COVID-19 | The Federal Court rules on personal leave during stand down
In the decision Communications, Electrical, Electronic, Energy, Information, Postal, Plumbing and Allied Services Union of Australia v Qantas Airways Limited  FCA 656, handed down on 18 May 2020, Justice Flick of the Federal Court ruled that employees are not entitled to access paid personal/carer’s leave or compassionate leave during a period in which they are stood down pursuant to section 524 of the Fair Work Act (Act).
This case considered two union applications which claimed that Qantas was required to continue to provide access to paid personal and carer’s leave for employees who had been stood down pursuant to section 524 of the Act (due to the COVID-19 pandemic).
In his judgment, Justice Flick examined the relationship between two rights in the Act: the right of employers to stand down employees, and the right of employees to access personal/carer’s leave or compassionate leave.
In dismissing the union applications, Justice Flick noted that the paid personal/carer’s leave entitlement conferred by section 96 of the Fair Work Act was a “form of income protection”. Ultimately, employees who have been stood down are not earning the income which these entitlements are designed to protect. Justice Flick stated [at (31)]:
“[…] at the very heart of the ultimate conclusion, namely that an employee cannot access such leave entitlements whilst stood down, is the determination that such leave entitlements are an entitlement on the part of the employee to take leave from otherwise performing the work they are required to perform. It is the very characterisation of the leave entitlement conferred by s 96 as a ‘form of income protection’ which presupposes that an employee is in receipt of income. As Qantas has repeatedly submitted, and correctly so, ‘income is not being protected if there is no available or required work from which to derive income in the first place’.”
Justice Flick continued (at ):
“In circumstances where an employee has been lawfully stood down, and thus in circumstances where there is no work which the employee can perform and thereby derive income, an employee is not entitled to access the leave entitlements conferred by ss 96 or 105. To enable the employee to do so would go against the very object and purpose of conferring those entitlements – namely an entitlement to be relieved from the work which the employee was otherwise required to perform. If there is no work available to be performed by the employee, there is no income and no protection against that which has not been lost. Conversely, to expose the employer to a liability to pay leave entitlements after lawfully having invoked the power to stand down an employee would defeat one of the two principal purposes of standing the employee down – namely, to protect the employer against such claims.”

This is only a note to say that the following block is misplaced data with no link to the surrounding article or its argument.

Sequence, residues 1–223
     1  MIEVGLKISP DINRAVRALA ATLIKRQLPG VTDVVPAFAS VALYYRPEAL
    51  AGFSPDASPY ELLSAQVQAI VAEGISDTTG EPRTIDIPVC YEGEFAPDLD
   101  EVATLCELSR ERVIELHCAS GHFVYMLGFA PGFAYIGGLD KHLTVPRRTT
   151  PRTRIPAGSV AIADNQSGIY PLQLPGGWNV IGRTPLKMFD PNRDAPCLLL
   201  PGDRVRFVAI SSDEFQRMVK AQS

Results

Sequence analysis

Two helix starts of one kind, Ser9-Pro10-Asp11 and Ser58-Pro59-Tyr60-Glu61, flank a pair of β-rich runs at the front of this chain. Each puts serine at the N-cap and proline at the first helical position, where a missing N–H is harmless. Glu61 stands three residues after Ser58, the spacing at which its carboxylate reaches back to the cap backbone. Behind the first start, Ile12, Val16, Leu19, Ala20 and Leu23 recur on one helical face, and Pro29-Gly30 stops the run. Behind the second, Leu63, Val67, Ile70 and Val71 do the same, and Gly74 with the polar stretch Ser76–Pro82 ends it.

Although this decision arose in relation to a dispute between Qantas and its employees – and noting that many Qantas employees are covered by an enterprise agreement (the stand down terms of which did not affect the outcome in this case) – it is expected that this decision will have significant ramifications for the many employees in other industries across Australia who have been stood down under the Act due to the COVID-19 pandemic.
Notably, although this decision provides that there is no legal obligation for employers to enable employees who are stood down to access personal/carer’s leave or compassionate leave entitlements, employers can still elect to provide access to these entitlements.
At the time of writing, the TMU has indicated an intention to appeal. If that appeal proceeds it will be a case to follow with interest.